NEW YORK — Facebook says it is expanding its fact-checking program to include photos and videos as it fights fake news and misinformation on its service.
Malicious groups seeking to sow political discord in the U.S. and elsewhere have been embracing images and video to spread misinformation.
The company has been testing the image fact-checks since the spring, beginning with France and the news agency AFP. Now, it will send all of its 27 third-party fact-checkers disputed photos and videos to verify. Fact-checkers can also find them on their own.
Facebook will label images or video found to be untrue or misleading as such.
Facebook says the fact-checkers use visual verification techniques such as reverse image searching and analyzing image metadata to check the veracity of photos and videos.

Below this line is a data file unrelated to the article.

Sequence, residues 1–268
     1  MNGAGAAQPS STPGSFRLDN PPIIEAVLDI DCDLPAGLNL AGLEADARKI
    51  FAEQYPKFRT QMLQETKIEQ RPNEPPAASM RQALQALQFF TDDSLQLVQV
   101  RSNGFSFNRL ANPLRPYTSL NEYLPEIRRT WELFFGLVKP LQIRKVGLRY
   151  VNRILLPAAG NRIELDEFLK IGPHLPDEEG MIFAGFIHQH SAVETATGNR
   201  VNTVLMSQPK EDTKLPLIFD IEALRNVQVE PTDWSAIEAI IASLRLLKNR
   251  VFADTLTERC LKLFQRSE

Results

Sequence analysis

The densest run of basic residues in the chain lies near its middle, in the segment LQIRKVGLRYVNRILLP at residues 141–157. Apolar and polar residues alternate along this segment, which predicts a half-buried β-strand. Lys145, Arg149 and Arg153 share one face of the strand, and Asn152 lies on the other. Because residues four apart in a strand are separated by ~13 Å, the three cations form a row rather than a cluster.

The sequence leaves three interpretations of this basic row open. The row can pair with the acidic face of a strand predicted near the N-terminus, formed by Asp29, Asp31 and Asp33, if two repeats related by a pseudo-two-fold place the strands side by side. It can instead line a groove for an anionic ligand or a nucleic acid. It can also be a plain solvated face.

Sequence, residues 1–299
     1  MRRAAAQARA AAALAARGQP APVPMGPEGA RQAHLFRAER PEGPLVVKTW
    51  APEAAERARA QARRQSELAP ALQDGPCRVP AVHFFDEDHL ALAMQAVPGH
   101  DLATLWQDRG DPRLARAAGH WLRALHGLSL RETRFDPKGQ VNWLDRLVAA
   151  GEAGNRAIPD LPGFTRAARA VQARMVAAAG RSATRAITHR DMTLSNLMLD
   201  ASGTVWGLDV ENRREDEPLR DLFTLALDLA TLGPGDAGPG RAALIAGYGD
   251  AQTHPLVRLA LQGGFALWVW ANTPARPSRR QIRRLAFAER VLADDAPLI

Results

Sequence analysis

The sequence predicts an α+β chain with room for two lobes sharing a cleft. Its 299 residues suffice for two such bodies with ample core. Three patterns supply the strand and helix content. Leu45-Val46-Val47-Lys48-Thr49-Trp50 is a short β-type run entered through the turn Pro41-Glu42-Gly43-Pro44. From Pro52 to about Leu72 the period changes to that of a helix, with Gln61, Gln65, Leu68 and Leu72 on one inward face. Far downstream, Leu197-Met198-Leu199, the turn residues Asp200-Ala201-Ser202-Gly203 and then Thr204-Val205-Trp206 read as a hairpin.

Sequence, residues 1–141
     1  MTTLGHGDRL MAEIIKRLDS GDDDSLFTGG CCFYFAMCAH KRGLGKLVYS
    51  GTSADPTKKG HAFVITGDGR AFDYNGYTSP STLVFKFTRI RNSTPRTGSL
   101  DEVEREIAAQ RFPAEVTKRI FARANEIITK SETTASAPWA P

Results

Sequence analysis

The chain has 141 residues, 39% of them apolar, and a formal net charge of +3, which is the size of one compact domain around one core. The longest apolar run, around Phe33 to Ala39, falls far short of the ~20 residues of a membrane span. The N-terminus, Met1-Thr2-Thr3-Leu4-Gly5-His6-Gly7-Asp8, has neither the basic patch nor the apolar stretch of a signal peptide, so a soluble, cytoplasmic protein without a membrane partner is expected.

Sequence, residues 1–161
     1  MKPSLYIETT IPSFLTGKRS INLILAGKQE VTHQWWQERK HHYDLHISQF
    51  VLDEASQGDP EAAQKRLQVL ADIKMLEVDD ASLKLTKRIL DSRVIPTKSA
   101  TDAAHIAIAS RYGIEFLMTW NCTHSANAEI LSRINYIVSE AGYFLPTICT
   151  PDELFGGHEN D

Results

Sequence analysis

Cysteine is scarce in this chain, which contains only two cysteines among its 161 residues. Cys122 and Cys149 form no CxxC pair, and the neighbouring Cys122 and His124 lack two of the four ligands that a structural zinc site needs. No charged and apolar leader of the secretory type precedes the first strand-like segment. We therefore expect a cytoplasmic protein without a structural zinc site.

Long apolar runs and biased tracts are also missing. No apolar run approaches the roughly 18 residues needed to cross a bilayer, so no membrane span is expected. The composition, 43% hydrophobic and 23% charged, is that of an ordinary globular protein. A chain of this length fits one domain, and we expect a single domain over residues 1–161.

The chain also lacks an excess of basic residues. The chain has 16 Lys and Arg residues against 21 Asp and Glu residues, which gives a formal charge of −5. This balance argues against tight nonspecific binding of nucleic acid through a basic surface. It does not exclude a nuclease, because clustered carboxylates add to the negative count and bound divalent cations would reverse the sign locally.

Last month, the social network removed 652 pages, groups, and accounts linked to Russia and, unexpectedly, Iran, for "coordinated inauthentic behaviour" that included the sharing of political material.
Facebook has significantly stepped up policing of its platform since last year, when it acknowledged that Russian agents successfully ran political influence operations on its platform that were aimed at swaying the 2016 U.S presidential election. Other social media networks have done likewise, and continue to turn up fresh evidence of political disinformation campaigns.